forma helps women who have been affected by FGC

Welcome to forma

The forma website is designed as an interactive space for FGC-affected women to share their stories through art, writing, film, photography, music or any other form of artistic expression. We have also created an online community for women wishing to dialogue—either anonymously or openly—about the difficulties affecting them. We hope that by uniting affected women we will find fresh approaches to these issues. As mental health professionals, we hope to facilitate and foster conversational interventions that would validate a sense of wholeness and social acceptance for women who have been cut.

forma is also dedicated to providing comprehensive, culturally sensitive clinical and educational services tailored to individual women and families affected by FGC in the Chicago area. Please visit our services page for more information.

There are many organizations which promote abandonment of FGC, but the forma website exists for the sole purpose of supporting women who have already been cut.

FGC is a highly personal and sensitive issue, and there may be reluctance among many of you to disclose information due to feelings of shame or fears of being judged as different. Although some report feelings of happiness and pride in having undergone FGC, most of our research suggests that this is an extremely traumatic event with harmful consequences. Some of you may suffer from multi-phase trauma, low self-esteem and negative self-image. Having heard a number of affected women share that they feel ‘ruined,’ our vision is to provide a resource for healing so that—although you may feel different—you need not feel ‘less than’.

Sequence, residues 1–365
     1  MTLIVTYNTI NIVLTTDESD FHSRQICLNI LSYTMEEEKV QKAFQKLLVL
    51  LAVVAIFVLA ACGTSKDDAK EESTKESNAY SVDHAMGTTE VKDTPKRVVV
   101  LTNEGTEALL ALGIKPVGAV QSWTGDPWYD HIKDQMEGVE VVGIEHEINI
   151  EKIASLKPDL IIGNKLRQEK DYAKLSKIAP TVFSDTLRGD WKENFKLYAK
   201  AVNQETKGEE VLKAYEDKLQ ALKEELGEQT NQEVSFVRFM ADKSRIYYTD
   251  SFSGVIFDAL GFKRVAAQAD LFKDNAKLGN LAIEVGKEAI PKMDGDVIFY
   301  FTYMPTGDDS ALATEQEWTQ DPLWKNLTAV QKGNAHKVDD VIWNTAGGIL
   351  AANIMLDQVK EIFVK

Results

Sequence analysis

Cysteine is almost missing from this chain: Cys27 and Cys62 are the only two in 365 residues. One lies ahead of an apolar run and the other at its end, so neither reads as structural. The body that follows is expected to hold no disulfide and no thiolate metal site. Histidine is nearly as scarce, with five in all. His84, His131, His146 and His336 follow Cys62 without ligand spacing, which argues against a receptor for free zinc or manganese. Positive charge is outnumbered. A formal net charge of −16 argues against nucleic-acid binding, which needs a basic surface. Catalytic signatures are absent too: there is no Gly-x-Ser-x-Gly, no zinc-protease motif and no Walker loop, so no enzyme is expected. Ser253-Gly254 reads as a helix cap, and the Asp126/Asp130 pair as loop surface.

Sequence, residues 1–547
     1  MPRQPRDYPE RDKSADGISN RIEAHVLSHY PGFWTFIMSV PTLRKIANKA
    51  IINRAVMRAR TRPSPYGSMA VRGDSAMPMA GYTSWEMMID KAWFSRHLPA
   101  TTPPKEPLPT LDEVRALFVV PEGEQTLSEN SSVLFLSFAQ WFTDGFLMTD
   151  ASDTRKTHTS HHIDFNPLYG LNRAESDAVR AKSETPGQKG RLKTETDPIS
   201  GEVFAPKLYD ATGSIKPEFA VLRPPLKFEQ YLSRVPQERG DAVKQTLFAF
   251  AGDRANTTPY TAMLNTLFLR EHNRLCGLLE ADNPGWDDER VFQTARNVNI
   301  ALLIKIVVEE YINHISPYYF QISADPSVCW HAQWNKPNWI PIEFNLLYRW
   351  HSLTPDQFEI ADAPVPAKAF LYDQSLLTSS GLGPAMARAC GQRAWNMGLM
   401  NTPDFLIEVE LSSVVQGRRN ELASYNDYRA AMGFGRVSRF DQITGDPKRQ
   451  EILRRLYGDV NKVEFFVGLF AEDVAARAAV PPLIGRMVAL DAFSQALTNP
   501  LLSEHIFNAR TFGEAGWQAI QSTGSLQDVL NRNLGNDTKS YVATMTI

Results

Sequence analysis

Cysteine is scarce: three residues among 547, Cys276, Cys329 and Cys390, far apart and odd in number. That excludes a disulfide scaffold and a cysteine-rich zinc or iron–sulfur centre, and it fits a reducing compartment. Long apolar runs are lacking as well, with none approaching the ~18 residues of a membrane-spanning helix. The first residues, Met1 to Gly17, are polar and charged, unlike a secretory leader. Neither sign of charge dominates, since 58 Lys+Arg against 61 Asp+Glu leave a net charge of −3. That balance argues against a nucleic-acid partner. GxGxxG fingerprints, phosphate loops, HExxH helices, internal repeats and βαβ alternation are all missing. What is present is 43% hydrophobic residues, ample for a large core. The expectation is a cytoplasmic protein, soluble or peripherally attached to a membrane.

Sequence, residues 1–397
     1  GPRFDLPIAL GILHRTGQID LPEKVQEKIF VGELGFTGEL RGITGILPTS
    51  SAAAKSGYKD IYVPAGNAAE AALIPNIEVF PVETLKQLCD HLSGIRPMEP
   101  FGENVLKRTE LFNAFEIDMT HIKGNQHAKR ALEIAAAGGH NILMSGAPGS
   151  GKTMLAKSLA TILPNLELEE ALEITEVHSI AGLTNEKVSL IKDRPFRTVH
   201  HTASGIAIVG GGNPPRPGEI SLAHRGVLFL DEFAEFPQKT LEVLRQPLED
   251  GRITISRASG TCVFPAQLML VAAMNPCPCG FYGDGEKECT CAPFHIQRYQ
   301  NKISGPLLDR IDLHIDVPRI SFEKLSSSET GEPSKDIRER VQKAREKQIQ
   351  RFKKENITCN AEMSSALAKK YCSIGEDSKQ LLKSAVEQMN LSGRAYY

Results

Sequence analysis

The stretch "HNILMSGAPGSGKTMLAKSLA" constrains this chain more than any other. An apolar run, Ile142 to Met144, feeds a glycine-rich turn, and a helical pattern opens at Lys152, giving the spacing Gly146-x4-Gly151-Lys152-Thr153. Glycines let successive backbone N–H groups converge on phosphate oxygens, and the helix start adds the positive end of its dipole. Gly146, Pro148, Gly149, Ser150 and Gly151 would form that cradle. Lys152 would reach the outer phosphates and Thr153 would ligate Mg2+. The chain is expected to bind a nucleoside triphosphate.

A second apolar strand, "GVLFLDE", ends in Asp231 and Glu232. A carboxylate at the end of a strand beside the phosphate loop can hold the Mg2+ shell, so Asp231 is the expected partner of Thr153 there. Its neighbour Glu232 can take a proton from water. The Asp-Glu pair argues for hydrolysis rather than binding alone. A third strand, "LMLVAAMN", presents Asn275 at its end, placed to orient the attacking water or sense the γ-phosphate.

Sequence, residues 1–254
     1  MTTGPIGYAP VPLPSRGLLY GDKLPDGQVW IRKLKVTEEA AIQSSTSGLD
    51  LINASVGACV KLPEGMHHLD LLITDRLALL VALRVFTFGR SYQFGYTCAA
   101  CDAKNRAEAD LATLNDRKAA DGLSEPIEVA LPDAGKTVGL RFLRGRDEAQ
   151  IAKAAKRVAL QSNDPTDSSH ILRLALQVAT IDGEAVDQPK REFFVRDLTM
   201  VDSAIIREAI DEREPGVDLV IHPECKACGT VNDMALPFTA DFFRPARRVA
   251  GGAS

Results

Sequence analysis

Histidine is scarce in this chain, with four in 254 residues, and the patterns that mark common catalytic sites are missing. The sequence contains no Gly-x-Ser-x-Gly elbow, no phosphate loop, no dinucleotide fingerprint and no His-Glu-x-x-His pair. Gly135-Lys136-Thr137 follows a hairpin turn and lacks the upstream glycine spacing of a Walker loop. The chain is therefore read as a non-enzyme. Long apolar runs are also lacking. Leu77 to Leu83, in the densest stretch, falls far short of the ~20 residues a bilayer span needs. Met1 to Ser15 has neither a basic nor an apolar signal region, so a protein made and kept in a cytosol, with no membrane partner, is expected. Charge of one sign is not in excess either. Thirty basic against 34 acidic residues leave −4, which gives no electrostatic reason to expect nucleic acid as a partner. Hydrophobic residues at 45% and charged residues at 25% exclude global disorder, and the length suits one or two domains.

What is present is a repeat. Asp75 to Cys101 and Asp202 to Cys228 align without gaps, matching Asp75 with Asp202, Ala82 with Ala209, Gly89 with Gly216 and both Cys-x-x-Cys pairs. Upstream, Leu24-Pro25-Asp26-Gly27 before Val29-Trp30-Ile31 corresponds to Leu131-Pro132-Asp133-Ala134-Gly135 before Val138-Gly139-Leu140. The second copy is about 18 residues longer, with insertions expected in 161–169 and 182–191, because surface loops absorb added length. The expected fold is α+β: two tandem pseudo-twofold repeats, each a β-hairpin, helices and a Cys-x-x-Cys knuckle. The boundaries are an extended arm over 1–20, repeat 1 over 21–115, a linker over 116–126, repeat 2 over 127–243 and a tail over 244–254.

The practice of female genital cutting has been followed by many different cultures and societies across the ages and continents. It is an ancient tradition, predating Christianity and Islam, involving the removal of parts or all of the external female genitalia. Although this custom is practiced in many African countries it has also been reported in Indonesia, Malaysia, parts of the Persian Gulf, and among ethnic minorities in Yemen, Oman, Iran, Iraq, Kurdistan, and Central and South America. It is also reported amongst Bedouin women in Israel and practiced by Ethiopian Jews, Coptic Christians and among Bohra Muslim populations in parts of India and Pakistan.

It is estimated that approximately 100-140 million African women have undergone FGC worldwide, while in Africa a further 3 million girls are at risk of the practice each year. As a result of migration, cases of this practice have been documented in the Middle East and are also found in Europe, Australia, Canada and the United States of America. The age at which the practice is carried out varies, from shortly after birth to the labor of the first child—depending on the community or individual family—but the most common age is between four and ten.

Types of cutting

  • Excision of the prepuce, or hood of the clitoris, with or without excision of part or the entire clitoris. This cut is also referred to as Sunna.
  • Excision of the clitoris with partial or total excision of the labia minora, leaving the labia majora intact.